The author spars like Hemingway through much of this first novel ["The Broken Place"] about a soldier-prizefighter who kills a man in the ring. It's probably inevitable. Writers are mostly violent people who act gentle. When a writer is a gentle person who acts violent, as Michael Shaara seems to be, Hemingway is one of the few guides available….
McClain [Mr. Shaara's protagonist] is strong and silent, lives in a cabin on a mountainside, hunts in the early morning. It's still good coinage, whatever the original mint.
Yet the best of "The Broken Place" suffers from no such deprivation. When Mr. Shaara writes at ringside he writes as well as anyone around. He makes McClain an outstanding fighter, intelligent and deadly; he shows us how that kind of fighter fights, then shows us why….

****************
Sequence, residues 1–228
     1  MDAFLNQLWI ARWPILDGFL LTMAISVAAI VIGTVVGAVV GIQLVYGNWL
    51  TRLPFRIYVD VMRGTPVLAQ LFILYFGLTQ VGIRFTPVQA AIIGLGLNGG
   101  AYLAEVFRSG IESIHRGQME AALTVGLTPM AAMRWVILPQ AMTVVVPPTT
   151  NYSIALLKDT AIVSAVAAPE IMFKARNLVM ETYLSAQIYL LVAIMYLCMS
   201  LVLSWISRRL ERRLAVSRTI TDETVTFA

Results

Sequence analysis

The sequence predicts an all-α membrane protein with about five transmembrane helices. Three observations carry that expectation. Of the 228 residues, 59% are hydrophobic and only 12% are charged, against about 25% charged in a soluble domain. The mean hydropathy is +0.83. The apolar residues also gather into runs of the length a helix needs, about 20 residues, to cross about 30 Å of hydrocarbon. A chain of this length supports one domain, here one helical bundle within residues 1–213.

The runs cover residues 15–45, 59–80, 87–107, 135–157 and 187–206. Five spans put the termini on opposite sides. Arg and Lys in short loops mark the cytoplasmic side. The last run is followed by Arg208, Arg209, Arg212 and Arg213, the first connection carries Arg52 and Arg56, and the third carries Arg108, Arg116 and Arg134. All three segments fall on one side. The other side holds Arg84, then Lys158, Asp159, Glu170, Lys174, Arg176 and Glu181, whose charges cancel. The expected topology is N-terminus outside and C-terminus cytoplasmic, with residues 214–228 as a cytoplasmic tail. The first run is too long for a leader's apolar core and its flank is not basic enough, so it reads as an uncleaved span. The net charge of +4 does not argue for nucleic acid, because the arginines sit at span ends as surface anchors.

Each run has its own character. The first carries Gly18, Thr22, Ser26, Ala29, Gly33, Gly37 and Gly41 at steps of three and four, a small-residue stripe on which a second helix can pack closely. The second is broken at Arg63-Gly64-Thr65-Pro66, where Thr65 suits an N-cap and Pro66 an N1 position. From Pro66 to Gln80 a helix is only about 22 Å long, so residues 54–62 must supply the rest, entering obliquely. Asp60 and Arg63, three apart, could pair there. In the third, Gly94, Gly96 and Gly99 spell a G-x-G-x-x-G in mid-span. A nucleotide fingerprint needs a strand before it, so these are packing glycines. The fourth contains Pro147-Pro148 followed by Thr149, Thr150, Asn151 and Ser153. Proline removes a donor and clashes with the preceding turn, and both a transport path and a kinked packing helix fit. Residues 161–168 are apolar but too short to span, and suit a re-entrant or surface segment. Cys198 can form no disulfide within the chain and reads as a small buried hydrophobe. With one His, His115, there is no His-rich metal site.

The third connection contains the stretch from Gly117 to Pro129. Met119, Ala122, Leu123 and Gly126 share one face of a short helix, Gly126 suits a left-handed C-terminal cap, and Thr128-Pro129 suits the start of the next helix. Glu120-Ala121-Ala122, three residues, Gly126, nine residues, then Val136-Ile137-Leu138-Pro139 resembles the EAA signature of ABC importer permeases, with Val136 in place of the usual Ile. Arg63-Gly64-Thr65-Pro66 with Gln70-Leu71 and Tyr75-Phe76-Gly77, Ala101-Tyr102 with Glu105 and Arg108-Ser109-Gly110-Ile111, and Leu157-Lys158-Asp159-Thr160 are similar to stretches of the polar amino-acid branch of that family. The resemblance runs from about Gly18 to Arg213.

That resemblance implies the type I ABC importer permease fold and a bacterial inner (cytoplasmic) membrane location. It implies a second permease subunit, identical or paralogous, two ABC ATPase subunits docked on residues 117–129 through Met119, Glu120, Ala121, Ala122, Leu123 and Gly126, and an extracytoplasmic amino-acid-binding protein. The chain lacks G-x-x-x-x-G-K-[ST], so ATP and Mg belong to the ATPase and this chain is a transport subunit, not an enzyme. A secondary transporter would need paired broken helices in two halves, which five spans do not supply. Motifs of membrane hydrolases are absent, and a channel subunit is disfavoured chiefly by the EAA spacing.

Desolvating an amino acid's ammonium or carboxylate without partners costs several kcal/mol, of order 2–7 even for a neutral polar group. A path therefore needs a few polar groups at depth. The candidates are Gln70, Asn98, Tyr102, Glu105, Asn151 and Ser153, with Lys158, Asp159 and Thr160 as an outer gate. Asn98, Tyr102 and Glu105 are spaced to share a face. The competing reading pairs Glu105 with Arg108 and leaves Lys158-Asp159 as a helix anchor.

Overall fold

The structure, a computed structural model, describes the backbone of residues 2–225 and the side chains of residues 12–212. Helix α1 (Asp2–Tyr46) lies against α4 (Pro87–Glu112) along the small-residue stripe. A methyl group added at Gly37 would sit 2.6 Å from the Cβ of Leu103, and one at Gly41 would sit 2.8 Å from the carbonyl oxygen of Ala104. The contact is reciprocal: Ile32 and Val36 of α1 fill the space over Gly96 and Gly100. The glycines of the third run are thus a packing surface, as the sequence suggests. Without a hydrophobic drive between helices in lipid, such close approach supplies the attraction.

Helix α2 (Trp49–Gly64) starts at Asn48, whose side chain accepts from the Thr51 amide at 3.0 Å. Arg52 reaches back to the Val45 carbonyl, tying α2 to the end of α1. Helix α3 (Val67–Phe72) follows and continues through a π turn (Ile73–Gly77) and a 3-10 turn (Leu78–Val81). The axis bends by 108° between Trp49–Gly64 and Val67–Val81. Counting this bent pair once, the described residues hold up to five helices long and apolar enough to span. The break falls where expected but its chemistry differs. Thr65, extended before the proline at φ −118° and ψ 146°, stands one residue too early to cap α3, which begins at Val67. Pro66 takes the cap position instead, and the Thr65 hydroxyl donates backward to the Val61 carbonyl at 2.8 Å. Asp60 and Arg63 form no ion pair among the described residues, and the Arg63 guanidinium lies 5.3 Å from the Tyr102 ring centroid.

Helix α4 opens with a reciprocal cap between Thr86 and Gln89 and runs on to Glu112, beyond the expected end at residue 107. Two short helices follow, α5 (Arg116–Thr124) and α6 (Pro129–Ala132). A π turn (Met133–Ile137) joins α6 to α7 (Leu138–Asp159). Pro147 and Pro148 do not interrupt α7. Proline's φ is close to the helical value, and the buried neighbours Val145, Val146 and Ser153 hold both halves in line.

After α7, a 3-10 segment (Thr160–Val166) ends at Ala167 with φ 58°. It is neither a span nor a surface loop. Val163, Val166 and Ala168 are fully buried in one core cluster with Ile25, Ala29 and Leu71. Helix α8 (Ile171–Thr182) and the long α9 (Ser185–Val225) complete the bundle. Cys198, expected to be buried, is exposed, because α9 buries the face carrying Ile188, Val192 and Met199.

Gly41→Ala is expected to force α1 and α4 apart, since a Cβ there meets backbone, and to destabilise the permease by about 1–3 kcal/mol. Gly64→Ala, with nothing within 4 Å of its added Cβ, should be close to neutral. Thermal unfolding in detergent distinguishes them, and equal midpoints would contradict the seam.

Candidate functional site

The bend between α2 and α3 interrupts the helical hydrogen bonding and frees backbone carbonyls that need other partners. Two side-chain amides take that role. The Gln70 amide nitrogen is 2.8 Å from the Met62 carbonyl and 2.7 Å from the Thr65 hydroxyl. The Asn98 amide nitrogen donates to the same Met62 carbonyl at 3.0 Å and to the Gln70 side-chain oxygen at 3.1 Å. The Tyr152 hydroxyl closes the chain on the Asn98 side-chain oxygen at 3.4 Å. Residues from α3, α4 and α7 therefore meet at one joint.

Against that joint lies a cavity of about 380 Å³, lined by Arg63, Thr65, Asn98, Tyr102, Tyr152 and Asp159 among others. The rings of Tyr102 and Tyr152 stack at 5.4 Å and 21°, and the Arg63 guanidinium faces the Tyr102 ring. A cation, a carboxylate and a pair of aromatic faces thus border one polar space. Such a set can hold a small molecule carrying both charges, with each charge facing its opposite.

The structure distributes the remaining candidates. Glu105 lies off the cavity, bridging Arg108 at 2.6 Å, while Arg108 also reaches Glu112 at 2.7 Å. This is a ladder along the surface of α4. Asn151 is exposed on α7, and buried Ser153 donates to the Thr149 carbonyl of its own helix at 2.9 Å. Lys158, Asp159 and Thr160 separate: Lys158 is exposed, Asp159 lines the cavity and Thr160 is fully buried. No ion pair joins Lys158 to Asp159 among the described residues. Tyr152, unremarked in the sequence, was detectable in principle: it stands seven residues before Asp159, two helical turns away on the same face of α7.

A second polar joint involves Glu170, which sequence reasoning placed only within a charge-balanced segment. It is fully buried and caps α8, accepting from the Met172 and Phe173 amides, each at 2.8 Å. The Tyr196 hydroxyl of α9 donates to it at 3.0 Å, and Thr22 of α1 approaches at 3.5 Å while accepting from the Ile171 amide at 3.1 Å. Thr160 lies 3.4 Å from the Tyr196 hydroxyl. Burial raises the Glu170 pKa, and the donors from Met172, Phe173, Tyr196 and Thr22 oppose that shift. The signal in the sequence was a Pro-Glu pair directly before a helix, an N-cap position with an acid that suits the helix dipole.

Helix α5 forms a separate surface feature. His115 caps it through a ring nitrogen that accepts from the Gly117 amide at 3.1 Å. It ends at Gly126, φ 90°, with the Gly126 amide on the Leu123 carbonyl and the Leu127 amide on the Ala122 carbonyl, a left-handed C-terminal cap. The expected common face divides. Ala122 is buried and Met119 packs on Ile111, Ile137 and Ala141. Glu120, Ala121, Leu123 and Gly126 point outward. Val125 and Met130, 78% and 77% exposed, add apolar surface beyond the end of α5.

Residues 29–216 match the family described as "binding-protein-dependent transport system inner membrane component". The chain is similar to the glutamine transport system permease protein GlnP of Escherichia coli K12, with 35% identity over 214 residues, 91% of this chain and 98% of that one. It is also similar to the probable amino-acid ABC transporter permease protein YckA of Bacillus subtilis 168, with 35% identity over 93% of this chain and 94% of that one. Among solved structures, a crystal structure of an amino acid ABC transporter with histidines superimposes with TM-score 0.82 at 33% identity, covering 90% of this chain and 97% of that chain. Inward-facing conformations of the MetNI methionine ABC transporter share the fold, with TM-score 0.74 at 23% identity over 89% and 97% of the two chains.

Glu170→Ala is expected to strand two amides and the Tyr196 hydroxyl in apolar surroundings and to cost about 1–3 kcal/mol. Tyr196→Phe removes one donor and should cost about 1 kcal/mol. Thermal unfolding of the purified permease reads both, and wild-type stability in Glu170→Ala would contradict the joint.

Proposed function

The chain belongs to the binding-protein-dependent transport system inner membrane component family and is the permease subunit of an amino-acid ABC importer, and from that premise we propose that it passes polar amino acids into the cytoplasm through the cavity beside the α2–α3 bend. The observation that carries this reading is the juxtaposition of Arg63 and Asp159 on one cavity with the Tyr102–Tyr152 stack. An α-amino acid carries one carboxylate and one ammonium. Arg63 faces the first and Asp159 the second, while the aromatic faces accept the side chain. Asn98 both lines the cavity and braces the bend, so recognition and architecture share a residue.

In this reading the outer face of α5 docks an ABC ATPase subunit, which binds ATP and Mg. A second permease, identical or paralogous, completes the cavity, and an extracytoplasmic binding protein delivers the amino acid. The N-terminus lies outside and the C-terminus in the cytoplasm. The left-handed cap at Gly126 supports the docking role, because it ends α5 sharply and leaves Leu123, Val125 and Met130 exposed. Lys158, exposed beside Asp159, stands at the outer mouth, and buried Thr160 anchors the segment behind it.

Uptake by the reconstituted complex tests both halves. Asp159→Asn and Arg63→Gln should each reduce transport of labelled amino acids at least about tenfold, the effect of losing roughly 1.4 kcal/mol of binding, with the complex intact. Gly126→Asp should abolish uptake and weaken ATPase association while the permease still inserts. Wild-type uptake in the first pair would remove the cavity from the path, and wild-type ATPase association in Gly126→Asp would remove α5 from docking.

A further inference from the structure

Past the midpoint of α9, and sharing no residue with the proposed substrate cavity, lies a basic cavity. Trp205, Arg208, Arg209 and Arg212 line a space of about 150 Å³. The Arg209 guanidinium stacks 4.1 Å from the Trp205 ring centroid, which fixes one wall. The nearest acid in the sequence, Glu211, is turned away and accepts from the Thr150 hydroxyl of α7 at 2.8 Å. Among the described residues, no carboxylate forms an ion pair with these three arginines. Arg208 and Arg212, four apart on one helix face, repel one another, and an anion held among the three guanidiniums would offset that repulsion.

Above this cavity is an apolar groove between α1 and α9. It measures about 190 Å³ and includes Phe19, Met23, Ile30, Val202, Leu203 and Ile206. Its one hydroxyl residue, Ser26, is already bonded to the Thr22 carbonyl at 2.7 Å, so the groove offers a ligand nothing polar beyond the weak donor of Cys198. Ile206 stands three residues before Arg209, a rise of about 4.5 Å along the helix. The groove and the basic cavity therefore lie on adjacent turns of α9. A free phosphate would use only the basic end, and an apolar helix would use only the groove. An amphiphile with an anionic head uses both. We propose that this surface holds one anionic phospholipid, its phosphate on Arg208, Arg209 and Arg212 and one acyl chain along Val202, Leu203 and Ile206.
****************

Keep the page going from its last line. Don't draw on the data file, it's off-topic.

McClain's is a rare sickness, and more rarely still does someone write it truly. Mr. Shaara generates fits of murderous rage at least as well as Hubert Selby Jr., and somewhat better than Truman Capote. Having done so, he seems ready to explain McClain's violence away. But answers proliferate in his search for them, and we get so many that none is conclusive….
Mr. Shaara piles up these reasons for his killer drive because he knows it's that complex. He's right. We are all that resilient; we require that much provocation before we are capable of killing….
For all its early sparring, "The Broken Place" doesn't pull its final punches. Michael Shaara, one novel in, comes on at least as a middleweight.
Richard Rhodes, "Boxer Gone Beserk," in The New York Times, Section VII (© 1968 by The New York Times Company; reprinted by permission), April 7, 1968, p. 36.